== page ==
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SCOPS issues nematodirus warning for later lambing flocks and cooler areas

While many 2022-born lambs have developed immunity to nematodirus, there is still a ‘sting in the tail’ for younger lambs and in parts of the country where temperatures have been slow to increase this spring.

Speaking on behalf of the Sustainable Control of Parasites in Sheep (SCOPS) group, Davinia Hinde of Bainbridge Vets, North Yorkshire, says: “Nematodirus is always difficult to predict and this year is no different, with the risk of a real sting in the tail for some producers.

“It’s important not to assume the threat has passed as spring gets into full swing, which is why the SCOPS Nematodirus Forecast, a free-to-use service, continues to be available to sheep farmers, vets and advisers.

“At particular risk are younger lambs that haven’t yet developed immunity. Also, lambs grazing fields on north facing slopes, or in cooler and/or higher parts of the country, where a sudden increase in temperature can trigger a mass hatch of the parasite that causes nematodirosis.

“The SCOPS Nematodirus Forecast has a colour-coded dot for weather stations right across the UK. It also shows the height about sea level for each station, allowing users to assess the relative risk to flocks in the area.”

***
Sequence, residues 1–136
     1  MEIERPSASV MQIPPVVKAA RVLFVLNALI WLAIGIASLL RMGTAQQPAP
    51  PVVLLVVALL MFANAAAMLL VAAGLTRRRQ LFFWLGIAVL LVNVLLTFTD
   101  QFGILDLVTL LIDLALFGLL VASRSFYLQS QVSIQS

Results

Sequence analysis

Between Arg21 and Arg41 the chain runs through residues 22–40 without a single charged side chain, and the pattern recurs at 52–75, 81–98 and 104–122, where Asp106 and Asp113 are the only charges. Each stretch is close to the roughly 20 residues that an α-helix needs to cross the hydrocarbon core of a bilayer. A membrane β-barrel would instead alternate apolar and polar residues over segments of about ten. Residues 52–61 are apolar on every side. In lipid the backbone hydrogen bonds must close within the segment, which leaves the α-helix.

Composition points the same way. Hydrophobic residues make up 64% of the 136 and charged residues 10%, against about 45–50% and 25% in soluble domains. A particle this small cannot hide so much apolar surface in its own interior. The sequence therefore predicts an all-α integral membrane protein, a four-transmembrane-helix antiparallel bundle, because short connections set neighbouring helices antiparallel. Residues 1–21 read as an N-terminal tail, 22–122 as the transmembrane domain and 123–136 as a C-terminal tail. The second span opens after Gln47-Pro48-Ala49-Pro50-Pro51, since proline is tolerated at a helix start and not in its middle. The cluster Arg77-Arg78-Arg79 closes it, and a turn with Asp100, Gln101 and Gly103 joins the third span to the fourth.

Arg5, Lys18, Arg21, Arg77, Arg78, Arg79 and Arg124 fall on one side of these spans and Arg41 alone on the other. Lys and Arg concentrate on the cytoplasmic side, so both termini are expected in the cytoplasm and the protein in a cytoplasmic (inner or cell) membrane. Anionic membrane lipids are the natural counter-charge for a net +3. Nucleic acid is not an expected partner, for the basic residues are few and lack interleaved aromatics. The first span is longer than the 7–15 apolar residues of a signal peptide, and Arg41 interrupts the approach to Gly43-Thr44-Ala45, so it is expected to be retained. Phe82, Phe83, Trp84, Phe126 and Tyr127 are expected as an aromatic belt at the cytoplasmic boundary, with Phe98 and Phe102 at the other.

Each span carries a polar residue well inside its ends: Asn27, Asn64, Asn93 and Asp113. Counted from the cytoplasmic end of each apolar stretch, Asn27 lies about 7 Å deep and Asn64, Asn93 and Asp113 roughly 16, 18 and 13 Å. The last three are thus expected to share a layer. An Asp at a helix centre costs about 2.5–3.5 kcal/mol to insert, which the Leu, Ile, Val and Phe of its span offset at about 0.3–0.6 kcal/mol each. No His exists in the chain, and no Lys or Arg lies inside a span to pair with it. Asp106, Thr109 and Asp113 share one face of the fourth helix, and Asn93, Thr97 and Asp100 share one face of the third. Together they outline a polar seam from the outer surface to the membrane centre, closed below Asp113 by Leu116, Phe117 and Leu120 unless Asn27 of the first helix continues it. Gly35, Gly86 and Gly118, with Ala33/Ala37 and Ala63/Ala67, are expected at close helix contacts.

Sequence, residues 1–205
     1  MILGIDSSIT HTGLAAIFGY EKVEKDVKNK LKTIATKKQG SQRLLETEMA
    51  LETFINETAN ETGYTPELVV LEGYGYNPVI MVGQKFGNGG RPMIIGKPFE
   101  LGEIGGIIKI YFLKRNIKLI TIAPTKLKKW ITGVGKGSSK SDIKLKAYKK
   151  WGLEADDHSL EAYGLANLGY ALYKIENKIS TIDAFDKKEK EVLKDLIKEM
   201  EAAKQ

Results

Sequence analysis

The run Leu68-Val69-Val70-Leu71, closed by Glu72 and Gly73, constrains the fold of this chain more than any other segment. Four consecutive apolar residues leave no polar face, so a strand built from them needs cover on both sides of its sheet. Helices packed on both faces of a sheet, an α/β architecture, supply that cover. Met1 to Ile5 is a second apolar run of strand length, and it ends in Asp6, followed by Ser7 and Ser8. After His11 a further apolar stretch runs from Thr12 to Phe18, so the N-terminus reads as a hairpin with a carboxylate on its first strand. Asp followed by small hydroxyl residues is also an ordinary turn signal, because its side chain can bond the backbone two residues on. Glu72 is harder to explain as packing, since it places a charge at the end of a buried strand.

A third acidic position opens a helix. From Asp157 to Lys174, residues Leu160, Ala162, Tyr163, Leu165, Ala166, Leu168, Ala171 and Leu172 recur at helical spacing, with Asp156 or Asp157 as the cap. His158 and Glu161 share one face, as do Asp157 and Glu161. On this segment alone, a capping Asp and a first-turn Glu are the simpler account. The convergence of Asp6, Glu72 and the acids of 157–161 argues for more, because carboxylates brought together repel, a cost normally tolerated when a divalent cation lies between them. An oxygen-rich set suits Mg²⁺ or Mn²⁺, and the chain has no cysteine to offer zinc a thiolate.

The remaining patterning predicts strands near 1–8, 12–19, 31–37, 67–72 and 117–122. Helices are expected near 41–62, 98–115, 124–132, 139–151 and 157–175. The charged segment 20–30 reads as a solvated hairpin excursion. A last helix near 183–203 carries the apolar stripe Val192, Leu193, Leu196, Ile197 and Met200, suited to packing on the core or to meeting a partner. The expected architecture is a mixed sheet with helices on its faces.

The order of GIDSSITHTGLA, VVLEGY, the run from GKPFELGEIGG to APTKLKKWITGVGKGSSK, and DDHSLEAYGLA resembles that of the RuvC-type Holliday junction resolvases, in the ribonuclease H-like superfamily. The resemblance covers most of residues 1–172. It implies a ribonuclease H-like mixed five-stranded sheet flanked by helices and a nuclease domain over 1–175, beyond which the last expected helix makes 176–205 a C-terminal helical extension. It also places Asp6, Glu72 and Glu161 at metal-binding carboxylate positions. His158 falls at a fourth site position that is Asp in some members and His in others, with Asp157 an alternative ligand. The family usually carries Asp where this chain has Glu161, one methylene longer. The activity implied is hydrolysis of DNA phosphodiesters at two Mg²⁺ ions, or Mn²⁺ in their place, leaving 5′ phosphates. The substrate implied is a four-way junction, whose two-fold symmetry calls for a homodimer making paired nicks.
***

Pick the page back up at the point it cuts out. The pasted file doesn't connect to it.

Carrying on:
The SCOPS Nematodirus Forecast is free to use thanks to the sponsorship of Techion and Bimeda. At the current time, forecast users can enter an online competition to win a one-year free faecal egg count testing subscription with Techion.

Unlike with nematodirus, where the damage is done by immature larvae that are not producing eggs, faecal egg counts (FEC) are hugely useful to monitor the risk posed by parasites in later spring and throughout summer.

Davinia continues: “As the nematodirus risk reduces for some flocks, the threat from other worm species increases. Monitoring FECs in lambs from around six weeks old onwards is a vital tool to measure and respond to the risk poses on individual farms. If you’re not already in the habit of regularly testing, it’s easy to get started with the support of your vet or adviser.”

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